An introduction to pulled thread embroidery

So you've been embroidering for a while now and are ready to learn something new?

You might like to try pulled thread embroidery which is a form of counted thread embroidery that does not involve cutting the fabric threads. It is sometimes called drawn fabric or pulled work, but not drawn thread work which is a different technique where the fabric threads are cut and withdrawn.

Instead, tension is used when working the stitches to draw the fabric threads together to produce a lacy effect. 

Materials required for pulled thread embroidery

The tools you will need to create pulled thread work comprise of...

You need to use a loose, evenly woven fabric to create your pulled thread work so that the fabric threads are easily moved to reduce the risk of breaking them due to the tension required.

Historical pieces were sometimes worked on 50 count linen or cotton, but it is more common to use 28-36 count nowadays which is certainly easier on the eyes.

Threads used need to be good quality and strong enough to withstand the strong tension, such as crochet thread, lacemaking threads or pearl cotton. Normal embroidery floss does not lend itself to pulled thread work.

If you don't have any suitable thread, you can always use the fabric itself! Just unravel threads from the edge of a spare piece of fabric and stitch with them.

Of course, the thickness of the thread and the colour will then match exactly! This is important as the design will be formed from the gaps which are created when the fabric threads are pulled apart, not the stitches themselves.

Getting ready to start

simple beginners pulled thread embroidery sample

Place your fabric in your embroidery hoop ensuring the threads are lined up at right angles and are clearly visible for counting. DO NOT stretch the fabric too tightly in the hoop as you will need some give in order to position your needle easily.

Starting and finishing your threads needs to be done with care, as stray threads can show behind the openwork embroidery.

One way to avoid this is by using the hoop to trap the beginning of the thread under the top part of the hoop, so it can't accidentally be pulled out of the fabric when starting the stitching.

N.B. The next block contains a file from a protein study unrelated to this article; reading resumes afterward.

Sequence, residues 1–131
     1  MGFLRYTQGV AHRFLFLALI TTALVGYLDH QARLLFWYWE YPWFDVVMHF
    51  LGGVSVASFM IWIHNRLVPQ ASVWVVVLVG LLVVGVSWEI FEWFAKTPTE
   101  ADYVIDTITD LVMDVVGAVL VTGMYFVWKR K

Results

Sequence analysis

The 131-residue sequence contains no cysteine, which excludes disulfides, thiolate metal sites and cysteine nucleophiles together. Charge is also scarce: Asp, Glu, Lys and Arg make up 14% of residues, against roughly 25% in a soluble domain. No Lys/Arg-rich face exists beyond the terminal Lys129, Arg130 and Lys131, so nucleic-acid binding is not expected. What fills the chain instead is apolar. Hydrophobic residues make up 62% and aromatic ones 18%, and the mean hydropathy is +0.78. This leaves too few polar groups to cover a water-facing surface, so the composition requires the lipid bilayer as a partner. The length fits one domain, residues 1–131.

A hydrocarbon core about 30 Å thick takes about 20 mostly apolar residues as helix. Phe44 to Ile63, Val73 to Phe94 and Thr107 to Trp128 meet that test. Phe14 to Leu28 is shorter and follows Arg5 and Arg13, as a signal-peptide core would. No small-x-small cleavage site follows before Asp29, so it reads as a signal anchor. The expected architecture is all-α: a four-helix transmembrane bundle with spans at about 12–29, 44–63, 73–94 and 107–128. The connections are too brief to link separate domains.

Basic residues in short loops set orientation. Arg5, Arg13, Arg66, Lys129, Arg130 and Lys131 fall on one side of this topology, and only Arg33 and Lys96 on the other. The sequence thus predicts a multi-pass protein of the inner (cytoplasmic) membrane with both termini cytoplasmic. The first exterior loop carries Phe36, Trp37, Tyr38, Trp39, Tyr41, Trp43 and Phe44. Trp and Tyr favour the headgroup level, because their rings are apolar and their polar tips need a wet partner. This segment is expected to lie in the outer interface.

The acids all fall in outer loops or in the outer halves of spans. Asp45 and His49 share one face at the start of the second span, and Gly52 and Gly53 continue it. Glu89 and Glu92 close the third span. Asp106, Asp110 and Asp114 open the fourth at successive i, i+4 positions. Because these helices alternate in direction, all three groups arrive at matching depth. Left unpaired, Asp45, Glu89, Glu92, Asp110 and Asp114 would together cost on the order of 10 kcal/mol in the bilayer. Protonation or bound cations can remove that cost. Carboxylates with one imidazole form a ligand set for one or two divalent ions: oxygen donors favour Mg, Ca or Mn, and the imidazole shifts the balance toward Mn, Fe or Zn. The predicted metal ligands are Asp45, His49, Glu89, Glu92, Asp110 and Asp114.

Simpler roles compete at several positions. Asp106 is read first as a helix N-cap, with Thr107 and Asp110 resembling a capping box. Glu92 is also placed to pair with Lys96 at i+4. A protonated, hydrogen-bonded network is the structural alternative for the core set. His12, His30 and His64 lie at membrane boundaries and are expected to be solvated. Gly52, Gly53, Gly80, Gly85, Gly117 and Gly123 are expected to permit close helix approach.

To fasten off, release this thread later and carefully pass it through the solid areas where the threads have been pulled together on the back of the work.

Pulled thread stitches

A variety of stitches are used in pulled thread embroidery, some of which are similar to those used for other counted thread embroidery techniques, but when worked with tension they give a very different effect.

These stitches include...

  • Cable (also used in Hardanger embroidery)
  • Cobbler (this stitch resembles window panes)
  • Diagonal raised band (forms a diagonal ridge)
  • Diamond eyelet (creates a separate motif)
  • Honeycomb (creates a raised triangular pattern)
  • Pulled double back (solid alternating squares )
  • Pulled satin (can be worked over differing numbers of fabric threads)
  • Ringed back (a row of circles)
  • Three sided stitch (a dense line of alternating holes)
  • Four sided stitch (again often used in Hardanger)

Composite stitches are built using two or more, worked in conjunction to create a different effect.

One thing to keep in mind, is that the way the stitches are shown on a chart may not match how they look once they are worked. Honeycomb is a good example of this, as it resembles brick work when charted out rather than triangular.

Surface embroidery stitches (not pulled) can also be used in this type of needlework.

Ready to try pulled thread embroidery?

pulled thread embroidery sampler

I have put together two free pulled thread embroidery projects to get you started. 

First there is a simple design using just two stitches which can be mounted in an aperture card or made into a coaster. You will find the pulled thread instructions here.

Then, when you are a little more confident, you can stitch a band sampler while trying out the pulled thread stitches listed above.

This sampler is broken up into seven lessons and was originally released as a stitch-a-long in my newsletter. One band of the sampler is worked in drawn thread embroidery, which will help to show you the difference in effect and technique. 

You might like these

Keep in Touch with Stitchin'Times Newsletter